Let’s compare this to the Aboriginal Australian who was a senior ACT Department of Treasury employee. Like Grech, he was accused of faking documents. Unlike Grech, he is black and judging by comments like, “When I’m finished with him he’ll be in the gutter where he belongs with all his other boong mates. You will be able to piss on him as you step over him on your way to work”, the DPP only saw black!

Is this justice? I think not, but what would I know? I’m black, making me, in the eyes of the Australian Government, someone incapable of independent thought.

It is also interesting to compare the DPP’s decision in the Grech matter to what happened to five Aboriginal protestors in Canberra on 21st May, 2008. The protest was about the ACT Government’s decision to cull the Kangaroo population of the capital of Australia – Canberra. The kangaroo, sacred animal too many Aboriginal people and emblazoned on Australia’s Coat of Arms, but a nuance to the small-minded burocrates who purport to govern Australia according to the ‘rule of law’.

As well as the five Aboriginal protestors, there were a number of white protestors taking part in the day’s activities. Eventually, the civil libertarian Chief Minister of the ACT, Mr. Jon Stanhope, sent in the storm troopers (aka the AFP) to break up the protest. A number of protestors were arrested, including the aforementioned Aboriginal Australians.

In February of 2009 the five Aboriginal Australians were each convicted of trespass in the ACT Supreme Court and each received a sentence of a twelve month Good Behavior Bond. Ok, fair enough you might say, they broke the law! But what about the white protestors who were arrested at the same time, in the same protest, by the same storm troopers? Well bugger me; they all had the charges against them dropped by the self-same DPP that thinks that all boongs belong “in the gutter.”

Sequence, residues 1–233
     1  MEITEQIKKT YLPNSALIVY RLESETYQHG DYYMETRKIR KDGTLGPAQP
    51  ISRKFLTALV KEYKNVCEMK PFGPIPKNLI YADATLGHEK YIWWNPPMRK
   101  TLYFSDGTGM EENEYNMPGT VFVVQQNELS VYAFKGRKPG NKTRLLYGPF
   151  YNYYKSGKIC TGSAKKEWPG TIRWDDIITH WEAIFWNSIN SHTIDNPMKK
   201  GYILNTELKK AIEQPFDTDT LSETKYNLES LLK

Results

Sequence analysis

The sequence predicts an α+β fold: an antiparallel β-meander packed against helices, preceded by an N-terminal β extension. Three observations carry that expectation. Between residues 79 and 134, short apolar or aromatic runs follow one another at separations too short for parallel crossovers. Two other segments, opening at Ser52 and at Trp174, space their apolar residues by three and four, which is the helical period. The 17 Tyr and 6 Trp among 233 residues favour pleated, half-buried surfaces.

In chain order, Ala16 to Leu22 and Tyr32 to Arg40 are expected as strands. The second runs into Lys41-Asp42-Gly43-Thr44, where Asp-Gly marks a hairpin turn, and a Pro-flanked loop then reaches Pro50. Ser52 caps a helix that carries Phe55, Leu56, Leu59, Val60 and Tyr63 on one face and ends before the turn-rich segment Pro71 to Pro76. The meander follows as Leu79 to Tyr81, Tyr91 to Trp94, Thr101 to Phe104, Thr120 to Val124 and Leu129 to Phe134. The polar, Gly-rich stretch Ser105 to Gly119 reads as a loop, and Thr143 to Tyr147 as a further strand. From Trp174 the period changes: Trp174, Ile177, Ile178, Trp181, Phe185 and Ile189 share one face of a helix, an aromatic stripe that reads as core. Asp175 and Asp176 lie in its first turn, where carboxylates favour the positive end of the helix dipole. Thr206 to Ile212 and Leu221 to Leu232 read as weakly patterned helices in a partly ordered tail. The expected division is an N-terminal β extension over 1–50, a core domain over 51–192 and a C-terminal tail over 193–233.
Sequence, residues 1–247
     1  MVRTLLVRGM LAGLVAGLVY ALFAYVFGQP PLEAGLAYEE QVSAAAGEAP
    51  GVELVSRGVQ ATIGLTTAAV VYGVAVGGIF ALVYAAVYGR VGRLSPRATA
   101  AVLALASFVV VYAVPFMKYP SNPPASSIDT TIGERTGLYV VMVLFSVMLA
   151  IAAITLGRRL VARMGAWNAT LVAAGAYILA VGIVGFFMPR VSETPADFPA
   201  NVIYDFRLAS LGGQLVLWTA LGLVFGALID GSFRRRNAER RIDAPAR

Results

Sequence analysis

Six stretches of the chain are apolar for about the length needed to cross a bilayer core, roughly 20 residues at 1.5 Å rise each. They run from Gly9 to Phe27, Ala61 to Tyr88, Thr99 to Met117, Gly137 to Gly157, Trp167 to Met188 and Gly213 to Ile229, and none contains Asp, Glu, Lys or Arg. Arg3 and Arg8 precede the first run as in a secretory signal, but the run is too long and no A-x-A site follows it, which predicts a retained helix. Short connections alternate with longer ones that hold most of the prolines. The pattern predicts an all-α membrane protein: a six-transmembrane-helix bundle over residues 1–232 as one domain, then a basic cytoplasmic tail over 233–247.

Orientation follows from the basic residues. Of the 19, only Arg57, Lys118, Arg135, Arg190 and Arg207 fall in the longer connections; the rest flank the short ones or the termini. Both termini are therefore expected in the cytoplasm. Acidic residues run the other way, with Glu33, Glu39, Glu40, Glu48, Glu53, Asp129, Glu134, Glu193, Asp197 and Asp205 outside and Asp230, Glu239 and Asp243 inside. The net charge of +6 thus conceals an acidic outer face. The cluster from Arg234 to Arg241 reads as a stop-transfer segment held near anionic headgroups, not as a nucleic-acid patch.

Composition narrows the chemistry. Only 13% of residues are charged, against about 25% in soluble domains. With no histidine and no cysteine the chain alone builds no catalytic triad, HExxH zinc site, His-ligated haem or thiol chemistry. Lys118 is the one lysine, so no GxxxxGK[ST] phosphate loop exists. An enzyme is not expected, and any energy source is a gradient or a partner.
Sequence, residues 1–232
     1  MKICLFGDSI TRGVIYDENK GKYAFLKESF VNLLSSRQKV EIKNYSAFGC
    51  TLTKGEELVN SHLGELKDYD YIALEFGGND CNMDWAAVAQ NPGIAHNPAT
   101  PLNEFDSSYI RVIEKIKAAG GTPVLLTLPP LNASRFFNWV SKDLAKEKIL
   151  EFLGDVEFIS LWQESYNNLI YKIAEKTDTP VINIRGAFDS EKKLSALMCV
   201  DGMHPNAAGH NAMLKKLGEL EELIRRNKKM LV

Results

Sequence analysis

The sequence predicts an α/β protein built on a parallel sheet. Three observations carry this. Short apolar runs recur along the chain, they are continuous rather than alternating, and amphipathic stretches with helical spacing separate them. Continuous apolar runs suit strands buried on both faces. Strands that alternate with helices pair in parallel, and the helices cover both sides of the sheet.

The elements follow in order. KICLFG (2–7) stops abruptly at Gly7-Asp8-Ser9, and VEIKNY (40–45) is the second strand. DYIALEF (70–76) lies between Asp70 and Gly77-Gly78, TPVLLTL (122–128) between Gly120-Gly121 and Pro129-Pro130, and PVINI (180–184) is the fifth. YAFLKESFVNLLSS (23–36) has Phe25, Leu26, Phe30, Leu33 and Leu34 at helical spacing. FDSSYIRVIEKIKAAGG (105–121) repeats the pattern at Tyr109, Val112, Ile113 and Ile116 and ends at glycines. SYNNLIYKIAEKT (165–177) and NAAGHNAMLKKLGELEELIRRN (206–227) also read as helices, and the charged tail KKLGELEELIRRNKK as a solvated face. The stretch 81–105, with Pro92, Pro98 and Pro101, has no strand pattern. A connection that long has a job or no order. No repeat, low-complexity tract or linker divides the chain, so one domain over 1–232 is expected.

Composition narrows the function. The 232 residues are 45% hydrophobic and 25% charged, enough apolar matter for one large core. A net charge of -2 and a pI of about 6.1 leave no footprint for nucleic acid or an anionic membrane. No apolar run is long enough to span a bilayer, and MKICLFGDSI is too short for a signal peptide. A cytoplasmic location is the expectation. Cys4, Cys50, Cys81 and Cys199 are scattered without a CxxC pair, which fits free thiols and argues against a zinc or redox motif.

It is also worth comparing what happened to the Aboriginal protestors in Australia’s Capital to a similar incident in Tasmania. Again the Aboriginal protestors were treated differently and less favorably than their white counterparts.

Excerpt from post at Frogpondsrock.  

Aboriginal protester Sara Maynard was arrested for trespass while protesting at the Brighton bypass construction site last year,

Ms Maynard said it took her a long time to recover from the trauma of being strip-searched before facing the Hobart Magistrates Court.

“I was told that if I refused they would hold me down and take my clothes off for me,” Ms Maynard said yesterday.

“When you’ve got five men standing around and I’m the only female there … it was quite terrifying.”

She refused to be strip-searched in a cell with cameras, so was forced to undergo the procedure in a toilet by a female officer.

Gardening guru Peter Cundall was also arrested last year for protesting on the steps of Parliament house in Hobart. Mr Cundall  is quoted as saying he was appalled by the treatment meted out to Ms Maynard. Mr Cundall also said that he and his fellow protesters were treated like royalty, with the police making it very clear that they didn’t want to arrest the 58 anti-pulp mill protesters and treating them with the utmost courtesy.

Sigh, and there you have it in a nutshell.

So much for those who argue that there is no systemic and institutionalized racism in Australia Viva La Revolucion!